In the notice, Babylon said that it permanently closed its U.S. operations on Monday and laid off 94 employees. The company did not respond to MedCity News’ request for further details.
Babylon, which is based in London, was founded in 2013. The company offers virtual primary care, including telehealth appointments, symptom checkers and prescription services. As part of its U.S. operations, Babylon also entered into value-based contracts with payers. The firm had more than 261,000 value-based care patients in the U.S. as of the end of last year.
In 2021, the company went public in a special-purpose acquisition company (SPAC) merger. In the years that have followed, its financial situation has been strenuous.
Last year, Babylon reported a net loss of $369.8 million on $1.1 billion in revenue. For context, last year was not a good one in terms of financial performance among public telehealth companies. Teladoc ended the year with a $13.7 billion net loss, and Amwell reported a net loss of $272 million.
In the first quarter of this year, the company posted a $63 million loss— more than double the amount of the $29.1 million loss if reported in the first quarter of 2022. Babylon also reported that it had cash and cash equivalents of $77.7 million — and $52.1 million of that was being held for a pending sale.
“The transaction provides for a new capital structure with a significant reduction of pro forma company debt, resulting in a substantially strengthened and more flexible financial profile,” Babylon said in its announcement. “In addition, the transaction will include immediate material funding for current business operations as well as a commitment to fund the combined business, allowing the pro forma company to focus on its strategy of delivering concurrent growth and profitability over the near to mid-term.”
At the end of June, the New York Stock Exchange suspended trading of Babylon shares and delisted the company. The stock exchange cited two reasons: Babylon’s average total market capitalization over a consecutive 30 trading-day period was less than $50 million, and the average closing price of its ordinary shares were less than $1 over the same period. The company said it did not intend to cure these deficiencies in light of the expected closing of its rescue merger.
However, Babylon issued a press release on Monday announcing that its deal with MindMaze and AlbaCore “will not proceed.” The company explained that the dissolution of the deal has left it unable to continue operations in the U.S., and it said that it “plans to safely transition its U.S. members to other providers.”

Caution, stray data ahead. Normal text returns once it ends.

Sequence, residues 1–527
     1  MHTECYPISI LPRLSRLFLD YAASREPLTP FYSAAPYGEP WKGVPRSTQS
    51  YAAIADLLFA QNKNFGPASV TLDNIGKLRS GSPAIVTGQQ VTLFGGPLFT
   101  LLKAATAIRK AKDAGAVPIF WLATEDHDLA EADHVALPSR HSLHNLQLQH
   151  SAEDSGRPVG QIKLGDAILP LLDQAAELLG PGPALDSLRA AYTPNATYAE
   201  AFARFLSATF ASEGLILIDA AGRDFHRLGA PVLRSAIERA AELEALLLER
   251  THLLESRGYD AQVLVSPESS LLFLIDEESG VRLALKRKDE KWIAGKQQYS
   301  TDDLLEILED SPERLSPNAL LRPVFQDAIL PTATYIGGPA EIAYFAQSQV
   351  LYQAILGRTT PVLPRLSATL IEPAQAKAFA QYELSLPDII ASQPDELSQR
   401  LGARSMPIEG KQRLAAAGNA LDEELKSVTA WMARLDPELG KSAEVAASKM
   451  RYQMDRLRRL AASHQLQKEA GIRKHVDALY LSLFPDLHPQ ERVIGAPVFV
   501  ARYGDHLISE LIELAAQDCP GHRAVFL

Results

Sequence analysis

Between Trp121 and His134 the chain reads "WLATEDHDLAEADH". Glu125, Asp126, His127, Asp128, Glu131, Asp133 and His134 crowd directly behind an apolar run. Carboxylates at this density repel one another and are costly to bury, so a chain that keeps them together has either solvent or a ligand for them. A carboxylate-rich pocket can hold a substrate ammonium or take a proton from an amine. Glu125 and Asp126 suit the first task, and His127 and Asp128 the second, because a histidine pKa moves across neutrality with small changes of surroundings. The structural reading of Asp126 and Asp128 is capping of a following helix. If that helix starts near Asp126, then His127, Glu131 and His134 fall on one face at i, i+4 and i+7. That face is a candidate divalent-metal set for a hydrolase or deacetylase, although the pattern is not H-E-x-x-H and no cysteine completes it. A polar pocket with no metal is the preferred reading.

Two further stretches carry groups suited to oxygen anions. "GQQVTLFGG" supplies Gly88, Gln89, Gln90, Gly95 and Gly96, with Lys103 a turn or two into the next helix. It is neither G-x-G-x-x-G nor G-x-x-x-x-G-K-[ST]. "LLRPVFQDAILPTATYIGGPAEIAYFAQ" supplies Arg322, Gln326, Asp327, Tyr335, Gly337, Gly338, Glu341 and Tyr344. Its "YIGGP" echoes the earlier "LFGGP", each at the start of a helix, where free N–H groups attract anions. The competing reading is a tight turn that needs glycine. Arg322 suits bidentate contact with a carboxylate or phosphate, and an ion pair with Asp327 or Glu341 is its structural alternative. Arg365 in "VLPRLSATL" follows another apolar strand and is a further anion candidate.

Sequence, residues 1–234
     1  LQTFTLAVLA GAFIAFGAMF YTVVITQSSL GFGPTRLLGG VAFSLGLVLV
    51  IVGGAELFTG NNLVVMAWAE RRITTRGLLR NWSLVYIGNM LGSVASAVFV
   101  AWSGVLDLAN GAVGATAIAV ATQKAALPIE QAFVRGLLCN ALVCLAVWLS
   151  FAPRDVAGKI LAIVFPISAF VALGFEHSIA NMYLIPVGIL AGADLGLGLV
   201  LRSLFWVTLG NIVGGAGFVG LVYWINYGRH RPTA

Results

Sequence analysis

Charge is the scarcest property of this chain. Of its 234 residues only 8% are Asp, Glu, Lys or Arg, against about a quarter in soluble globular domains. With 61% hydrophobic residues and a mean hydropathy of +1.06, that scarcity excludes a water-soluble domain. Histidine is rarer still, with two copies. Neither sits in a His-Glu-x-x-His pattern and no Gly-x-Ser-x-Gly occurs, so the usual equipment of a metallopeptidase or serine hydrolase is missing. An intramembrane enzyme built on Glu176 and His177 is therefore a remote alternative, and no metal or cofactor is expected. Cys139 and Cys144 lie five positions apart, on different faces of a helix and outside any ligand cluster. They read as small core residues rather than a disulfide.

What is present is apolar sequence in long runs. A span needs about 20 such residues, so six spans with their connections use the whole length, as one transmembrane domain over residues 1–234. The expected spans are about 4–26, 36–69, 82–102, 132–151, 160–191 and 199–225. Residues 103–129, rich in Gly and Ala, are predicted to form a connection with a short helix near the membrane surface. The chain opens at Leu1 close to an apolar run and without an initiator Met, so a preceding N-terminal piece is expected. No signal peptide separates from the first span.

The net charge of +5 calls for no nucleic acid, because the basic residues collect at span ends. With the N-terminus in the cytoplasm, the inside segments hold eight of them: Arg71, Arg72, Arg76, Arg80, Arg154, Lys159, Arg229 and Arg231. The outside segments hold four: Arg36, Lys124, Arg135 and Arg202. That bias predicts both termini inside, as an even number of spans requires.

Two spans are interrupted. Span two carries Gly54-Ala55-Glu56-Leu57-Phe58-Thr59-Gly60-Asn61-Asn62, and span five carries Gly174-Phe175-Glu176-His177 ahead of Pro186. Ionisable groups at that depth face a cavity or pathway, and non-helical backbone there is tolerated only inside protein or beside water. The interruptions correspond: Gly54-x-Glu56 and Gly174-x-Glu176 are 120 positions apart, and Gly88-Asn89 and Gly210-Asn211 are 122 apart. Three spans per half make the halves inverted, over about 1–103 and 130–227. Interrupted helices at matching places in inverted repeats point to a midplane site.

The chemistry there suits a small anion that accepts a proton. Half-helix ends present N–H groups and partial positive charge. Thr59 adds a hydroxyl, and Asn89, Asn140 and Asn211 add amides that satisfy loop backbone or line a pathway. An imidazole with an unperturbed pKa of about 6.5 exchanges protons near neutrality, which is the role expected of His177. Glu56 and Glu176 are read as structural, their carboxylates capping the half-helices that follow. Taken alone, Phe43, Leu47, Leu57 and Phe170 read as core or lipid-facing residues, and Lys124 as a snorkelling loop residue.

In the press release, Babylon also said that it will look for a buyer to salvage its U.K. business. However, the potential sale of the company’s U.K. business will be subject to AlbaCore’s rights under its debt agreements with Babylon, and the sale proceeds are not expected to exceed the company’s debt to AlbaCore.
Nathan Ray, partner at consulting firm West Monroe, said he wasn’t very surprised when he heard that Babylon was shuttering its U.S. business. In his view, the company “just didn’t quite live up to the rigor of the business model necessary for a multi-state branded primary care platform.”
It’s important to note the time during which Babylon went public — it was mid-2021, a period when enthusiasm about virtual care was high and digital health companies had overblown valuations.
“I think we all expect that if a company goes public, it’s stable and mature and investable. But I don’t think that is necessarily the case. It’s just a different way of capitalizing on early investors. They felt that was the way to get the company moving forward, and they obviously found enough capital for it to roll all the way here. But looking at their prospects, the actual maturity of the business, and its cash burn rate, I think they finally just called it quits,” Ray explained.
Similar to Ray, Seth Joseph also said he wasn’t too shocked about Babylon’s news. Joseph is the managing director of Summit Health Advisors.
“I am less certain that Babylon is indicative of broader tech-enabled primary care startups than of just a series of unfortunate decisions. Its strategy just doesn’t appear coherent, at least to outside eyes,” he declared.
Joseph pointed out that Babylon is an early-stage company that operates in 16 different countries with a “multitude of services, revenue models and supporting technology assets.” To him, these circumstances create an “incredible pressure” to operationalize and execute against all of these different initiatives, products and markets.
It doesn’t seem like the company could do this well, and certainly not efficiently given its consistently progressively negative operating income, Joseph noted.
“When you pair that with rising interest rates and challenging capital markets, it’s a bad recipe,” he said.
Photo: Mykyta Dolmatov, Getty Images